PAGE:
3/21/1928 POLICE GUN VICTIM DIES (Wednesday)
    Kirk Succumbs to Wounds; Wright Undecided On Filing Charges
    Oliver Kirk, 24 years old, 334 East Twenty-seventh street, south, died Tuesday night at a hospital here of gunshot wounds inflicted by police Monday night as he fled after frustrated in an attempt to steal an automobile tire near the Morrie Garden, 619 West Main street.
    Kirk, an employe of the Long Bed Lumber company, told J.K. Wright, county attorney, that he was forced to steal because his salary was not sufficient to support his family.
    George W. Sipes, 19 years old, who was with Kirk, was reported resting nicely. He will recover from wounds inflicted by the police, doctors said.
    Mrs. Kirk told police that her husband had started to a drug store to buy medicine for their sick children and that he had asked her to accompany him. When she declined, he took Sipes, his wife’s brother.
    Kirk admitted, in his confession, that he was attempting to steal a tire when J.W. Perkins and J.B. Ryan, city detectives, interfered. Kirk said he broke for liberty in his own car and was chased several blocks before being overtaken and forced to halt.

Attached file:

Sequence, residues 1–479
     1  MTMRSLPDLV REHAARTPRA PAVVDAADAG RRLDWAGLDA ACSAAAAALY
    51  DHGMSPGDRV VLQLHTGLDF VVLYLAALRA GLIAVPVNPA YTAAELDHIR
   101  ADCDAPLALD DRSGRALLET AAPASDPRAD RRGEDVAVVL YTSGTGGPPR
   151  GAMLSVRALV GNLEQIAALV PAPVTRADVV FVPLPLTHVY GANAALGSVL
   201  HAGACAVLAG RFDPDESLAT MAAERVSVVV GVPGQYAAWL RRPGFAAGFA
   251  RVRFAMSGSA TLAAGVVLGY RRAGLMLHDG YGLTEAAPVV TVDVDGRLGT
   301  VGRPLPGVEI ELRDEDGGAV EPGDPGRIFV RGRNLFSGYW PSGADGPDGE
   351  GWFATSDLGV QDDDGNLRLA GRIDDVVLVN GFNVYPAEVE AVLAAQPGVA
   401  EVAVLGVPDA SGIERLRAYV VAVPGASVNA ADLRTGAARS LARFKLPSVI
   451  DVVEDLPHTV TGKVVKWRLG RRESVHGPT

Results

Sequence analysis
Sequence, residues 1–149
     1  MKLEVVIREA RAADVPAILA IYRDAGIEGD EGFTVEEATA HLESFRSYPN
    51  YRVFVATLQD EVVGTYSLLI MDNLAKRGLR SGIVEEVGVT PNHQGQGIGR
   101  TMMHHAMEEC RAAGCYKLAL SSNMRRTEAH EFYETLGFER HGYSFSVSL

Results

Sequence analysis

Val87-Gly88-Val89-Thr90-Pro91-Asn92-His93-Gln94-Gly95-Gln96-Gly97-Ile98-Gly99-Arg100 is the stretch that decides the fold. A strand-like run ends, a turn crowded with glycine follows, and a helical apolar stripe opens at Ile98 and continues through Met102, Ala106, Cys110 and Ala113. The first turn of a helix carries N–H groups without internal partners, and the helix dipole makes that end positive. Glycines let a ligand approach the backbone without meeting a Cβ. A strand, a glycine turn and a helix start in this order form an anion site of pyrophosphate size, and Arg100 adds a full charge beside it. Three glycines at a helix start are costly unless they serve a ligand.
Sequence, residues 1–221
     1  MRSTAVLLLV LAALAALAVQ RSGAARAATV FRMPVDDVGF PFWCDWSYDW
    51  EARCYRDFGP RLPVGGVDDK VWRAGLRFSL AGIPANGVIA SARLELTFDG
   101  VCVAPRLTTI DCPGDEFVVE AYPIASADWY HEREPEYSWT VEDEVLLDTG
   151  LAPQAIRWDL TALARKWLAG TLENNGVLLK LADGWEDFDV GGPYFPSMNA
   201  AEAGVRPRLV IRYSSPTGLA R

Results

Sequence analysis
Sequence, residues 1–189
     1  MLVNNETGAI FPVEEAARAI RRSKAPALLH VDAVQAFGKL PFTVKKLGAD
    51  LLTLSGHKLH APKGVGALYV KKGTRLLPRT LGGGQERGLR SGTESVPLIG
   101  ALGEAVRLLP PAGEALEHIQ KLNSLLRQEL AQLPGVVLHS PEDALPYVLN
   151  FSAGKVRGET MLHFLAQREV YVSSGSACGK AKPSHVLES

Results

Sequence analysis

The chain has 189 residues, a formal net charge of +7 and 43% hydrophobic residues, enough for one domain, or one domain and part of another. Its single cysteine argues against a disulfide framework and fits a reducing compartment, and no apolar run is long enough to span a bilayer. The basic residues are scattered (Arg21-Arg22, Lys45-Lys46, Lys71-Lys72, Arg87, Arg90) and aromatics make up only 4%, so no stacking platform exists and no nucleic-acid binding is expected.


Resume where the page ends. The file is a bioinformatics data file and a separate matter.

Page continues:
Lucile Kirk, 2 years old, daughter of the dead man, and her baby sister, Betty Mae, 18 months old, are said to have pneumonia.
    Wright said Tuesday night that he was undecided as to whether charges will be filed against Perkins and Ryan.

    It seems a little extreme for stealing a tire, but this was 1928, back in the gangster days, and likely there was a little more to it than the papers reported, but who can say?

    Further research showed that Oliver’s daughters did survive, they grew up and had children of their own.

    The source: https://www.findagrave.com/memorial/65125221/oliver-kirk

    There are other stories…..maybe next time